Blog Teaching

Fear not: What is a Christian response to fear and uncertainty?

We can be gripped by fear, certainly. It can be our downfall. More than the violence, bereavement, and loss of security, the idea of impending doom can paralyze us to inaction.

I contend for a place to begin: A Christian response is one where “love casts out fear.”

What have we to be afraid of? Neither death nor life, angels or demons, or anything else can harm the child of God. Beyond our wellbeing, loving response to threats and danger, darkness and uncertainty can expand our witness to God’s faithfulness, God’s lovingkindness and mercy.

I don’t have to remind you, I’m sure, that the negative responses to fear are many:

  • Irritability
  • Attacking
  • Defensiveness
  • Suspicion
  • Blame and fault finding
  • Name calling and racism (of all kinds)
  • Weakness and not strength
  • Murder
  • Rage
  • Depression and “giving up”
  • Dissolution of fellowship and koinonia bonds of love
  • Hate = absence of friendship

And what do we say of the martyrs and the persecuted in the past and today?

AND, there is a case to be made (not a difficult one) that many in positions of power in our land want us to be afraid. Fear can get people to comply with strict laws, policies.  Fear can get people to support any political agenda. Want to get a policy in place? Get people afraid of what happens if they don’t.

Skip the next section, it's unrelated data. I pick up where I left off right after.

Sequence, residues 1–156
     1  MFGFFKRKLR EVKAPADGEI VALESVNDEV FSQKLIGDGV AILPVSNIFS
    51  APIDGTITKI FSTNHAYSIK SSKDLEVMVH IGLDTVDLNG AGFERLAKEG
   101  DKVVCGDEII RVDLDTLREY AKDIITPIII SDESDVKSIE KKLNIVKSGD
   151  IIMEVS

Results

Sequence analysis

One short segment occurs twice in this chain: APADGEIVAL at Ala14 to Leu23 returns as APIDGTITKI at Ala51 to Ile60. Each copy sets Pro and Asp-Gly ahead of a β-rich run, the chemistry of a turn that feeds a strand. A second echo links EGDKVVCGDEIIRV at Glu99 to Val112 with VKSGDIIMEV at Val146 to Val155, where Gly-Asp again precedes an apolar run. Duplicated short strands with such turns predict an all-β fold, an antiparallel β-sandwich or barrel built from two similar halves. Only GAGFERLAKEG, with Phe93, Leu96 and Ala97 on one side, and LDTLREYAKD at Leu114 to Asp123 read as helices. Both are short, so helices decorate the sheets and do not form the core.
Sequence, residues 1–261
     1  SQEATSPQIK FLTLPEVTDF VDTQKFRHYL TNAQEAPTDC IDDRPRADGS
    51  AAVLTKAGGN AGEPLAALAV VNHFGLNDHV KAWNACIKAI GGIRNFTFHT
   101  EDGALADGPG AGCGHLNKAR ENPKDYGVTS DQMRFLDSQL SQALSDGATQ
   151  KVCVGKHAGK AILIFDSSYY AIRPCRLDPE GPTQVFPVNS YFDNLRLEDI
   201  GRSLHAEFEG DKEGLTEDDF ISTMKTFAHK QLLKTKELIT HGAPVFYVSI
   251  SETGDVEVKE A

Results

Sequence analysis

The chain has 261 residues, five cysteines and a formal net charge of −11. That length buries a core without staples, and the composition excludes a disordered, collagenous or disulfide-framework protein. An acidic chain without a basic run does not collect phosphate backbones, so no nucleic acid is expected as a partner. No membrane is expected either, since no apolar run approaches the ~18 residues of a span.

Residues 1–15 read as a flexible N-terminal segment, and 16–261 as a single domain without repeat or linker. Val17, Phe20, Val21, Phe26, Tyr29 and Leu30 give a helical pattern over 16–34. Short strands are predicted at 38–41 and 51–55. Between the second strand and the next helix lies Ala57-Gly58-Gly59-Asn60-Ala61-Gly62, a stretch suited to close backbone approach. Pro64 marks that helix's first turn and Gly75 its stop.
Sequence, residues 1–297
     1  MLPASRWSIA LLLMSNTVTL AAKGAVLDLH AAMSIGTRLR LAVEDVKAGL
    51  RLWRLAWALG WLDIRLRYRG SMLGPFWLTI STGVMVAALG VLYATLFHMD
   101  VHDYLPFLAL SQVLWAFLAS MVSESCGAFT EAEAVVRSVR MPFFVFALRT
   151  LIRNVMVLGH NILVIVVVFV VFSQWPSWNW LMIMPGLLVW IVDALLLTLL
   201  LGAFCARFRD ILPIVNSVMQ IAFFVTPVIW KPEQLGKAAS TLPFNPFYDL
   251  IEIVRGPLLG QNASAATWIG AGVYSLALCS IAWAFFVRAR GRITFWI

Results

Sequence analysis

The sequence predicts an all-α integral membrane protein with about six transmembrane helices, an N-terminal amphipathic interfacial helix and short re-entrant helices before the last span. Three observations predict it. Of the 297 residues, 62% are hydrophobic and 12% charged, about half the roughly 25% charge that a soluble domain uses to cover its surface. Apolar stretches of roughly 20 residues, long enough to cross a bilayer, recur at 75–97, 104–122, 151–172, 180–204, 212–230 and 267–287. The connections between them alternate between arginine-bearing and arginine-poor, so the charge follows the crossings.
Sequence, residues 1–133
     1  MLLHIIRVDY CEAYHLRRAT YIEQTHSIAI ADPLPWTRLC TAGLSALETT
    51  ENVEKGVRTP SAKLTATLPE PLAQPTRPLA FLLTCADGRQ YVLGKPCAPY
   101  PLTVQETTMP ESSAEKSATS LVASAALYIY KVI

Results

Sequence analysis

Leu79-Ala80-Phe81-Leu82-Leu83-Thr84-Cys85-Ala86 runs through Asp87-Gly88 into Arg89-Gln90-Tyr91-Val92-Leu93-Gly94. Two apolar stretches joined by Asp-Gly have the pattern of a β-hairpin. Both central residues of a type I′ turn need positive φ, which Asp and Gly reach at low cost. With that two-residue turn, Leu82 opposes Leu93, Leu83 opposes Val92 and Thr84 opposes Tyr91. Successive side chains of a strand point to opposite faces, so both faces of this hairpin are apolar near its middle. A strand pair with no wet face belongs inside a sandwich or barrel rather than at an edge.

I think of one of the examples of fear in the New Testament Acts 5:11. And then after Ananias and Sapphira you get a great fear. “And great fear came upon the whole church and upon all who heard of these things.” And it’s true, isn’t it, that we really do know deep in our hearts that the only fear that is truly justified is that of God and judgement. 1 Peter 2:17. Heb 10:31. 

I think that  our response should  be all about living in Jesus’ name. Even a brief reading through 1 John 4:13-21 can reveal what this “abiding” looks like.

And when I think of “abide” I am drawn to a question. What does it mean to abide in him and he in us? Read on. It has to do with our confession. Then what is that? Simply saying his name? Watch out, though. This doesn’t mean being religious. “Being perfected in love” means we grow into greater depth, joy and commitment in the ways of being his people. Eberhard Arnold said, “We not only live with one another but also from one another. And if the body of Christ receives the Spirit in all its members and the whole body is of one soul, then all members and the whole body is of one soul, then all members serve one another.”  In Called to Community (Plough Publishing House, 2016).

Then read some more in this Johannine passage. We come to know and believe (really, into and with our lives) the love of God for us. God who is love and we who “abide” in him are “in this life” together. And we have the escape hatch we need for the darkness, the cloud of fear, that is evident all around. No, don’t worry, don’t be anxious, and don’t fear. 

Here’s the word for us today: perfect love casts out fear. Tune in your life to loving others more. Learn to cherish one another. 

While I was preparing these thoughts to share the Mister Rodgers song  It’s You I Like came to mind. Here it is performed well by Charles Cornell: That’s a worthy inoculation to fear. Begin with loving others and learn to cherish them in your life.

J. Mark Schwanz, Gardena, CA, USA

By Mark

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